News Clips for June 29-July 1, 2019

Vigil to be held Monday night in memory of MacKenzie Lueck

A vigil will be held on the University of Utah campus Monday night in memory of student MacKenzie Lueck. The Associated Students of the University of Utah (ASUU) posted on Facebook: “Please join our campus and the community at a vigil for U of U student MacKenzie Lueck. The remembrance will be Monday, July 1 at 6 p.m. on the Union Lawn.”

University of Utah students react to Mackenzie Lueck’s death

It’s been approximately eight months since University of Utah student-athlete Lauren McCluskey died at the hands of violence. For some students, Friday’s news about the horrific outcome of Mackenzie Lueck hit close to home.

Commentary: What happens in Utah can change the world

In Utah’s biggest international event since the 2002 Olympics, people from around the world will soon gather in Salt Lake City for the United Nations’ annual Civil Society Conference.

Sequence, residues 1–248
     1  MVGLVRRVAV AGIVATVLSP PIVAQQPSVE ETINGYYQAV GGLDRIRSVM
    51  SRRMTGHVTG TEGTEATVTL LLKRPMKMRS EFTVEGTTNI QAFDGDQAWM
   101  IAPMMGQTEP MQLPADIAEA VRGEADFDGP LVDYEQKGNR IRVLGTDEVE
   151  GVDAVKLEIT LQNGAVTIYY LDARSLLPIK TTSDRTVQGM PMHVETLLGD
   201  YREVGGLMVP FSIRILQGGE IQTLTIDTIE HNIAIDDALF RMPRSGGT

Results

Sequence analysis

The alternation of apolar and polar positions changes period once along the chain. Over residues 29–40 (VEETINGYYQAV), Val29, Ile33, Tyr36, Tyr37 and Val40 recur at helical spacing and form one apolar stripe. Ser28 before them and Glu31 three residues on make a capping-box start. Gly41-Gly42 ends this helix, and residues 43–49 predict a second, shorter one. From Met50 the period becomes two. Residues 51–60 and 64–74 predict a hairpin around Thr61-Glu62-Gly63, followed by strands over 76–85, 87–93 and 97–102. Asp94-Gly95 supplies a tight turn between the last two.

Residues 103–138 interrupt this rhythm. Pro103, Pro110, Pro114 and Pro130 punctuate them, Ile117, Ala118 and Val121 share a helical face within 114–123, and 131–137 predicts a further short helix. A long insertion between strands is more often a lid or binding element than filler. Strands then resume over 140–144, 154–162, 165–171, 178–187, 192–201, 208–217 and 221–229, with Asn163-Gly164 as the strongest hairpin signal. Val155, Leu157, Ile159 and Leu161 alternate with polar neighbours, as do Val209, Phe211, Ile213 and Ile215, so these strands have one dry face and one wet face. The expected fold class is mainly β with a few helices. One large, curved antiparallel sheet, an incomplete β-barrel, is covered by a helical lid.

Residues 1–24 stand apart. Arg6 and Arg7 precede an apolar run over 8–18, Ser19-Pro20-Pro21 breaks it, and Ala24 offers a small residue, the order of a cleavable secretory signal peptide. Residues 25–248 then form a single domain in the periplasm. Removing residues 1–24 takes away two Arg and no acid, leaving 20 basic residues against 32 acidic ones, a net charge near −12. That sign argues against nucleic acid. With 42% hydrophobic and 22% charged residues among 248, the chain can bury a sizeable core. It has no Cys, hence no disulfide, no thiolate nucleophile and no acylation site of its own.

Fraternity pledges $20 million to Huntsman Cancer Institute for research and treatment

As a little girl with stage four kidney cancer, Olivia Dubell remembers the fear of approaching the large, looming buildings of the Huntsman Cancer Institute for chemotherapy and radiation.

Salt Lake County Council calls on the state Legislature to pass a ban on so-called conversion therapy practices

The Salt Lake County Council is calling on the Utah Legislature to end a widely discredited form of therapy that attempts to change the sexual orientation or gender identity of LGBTQ youth — a move that comes just months after lawmakers on Capitol Hill gutted a proposal that would have done so.

Ancient crocodiles were vegan, new research suggests

Pass the salad: Prehistoric crocs may have been less mean and more herbivorous than their modern counterparts.

Novel population-based approach to examine families where AF occurs with left atrial fibrosis

Atrial fibrillation (AF) is a condition that produces an irregular heartbeat that affects about two percent of the general population and six percent of people over 65 years of age. AF increases the risk of heart failure and stroke. While researchers have long believed genetics play a role in AF, decades of searching have revealed few culpable genes.

Kirby: What are you afraid of?

I am trying to teach my youngest granddaughter Ada, age 5, not to be afraid of spiders. It’s relatively easy given that she’s interested in bugs.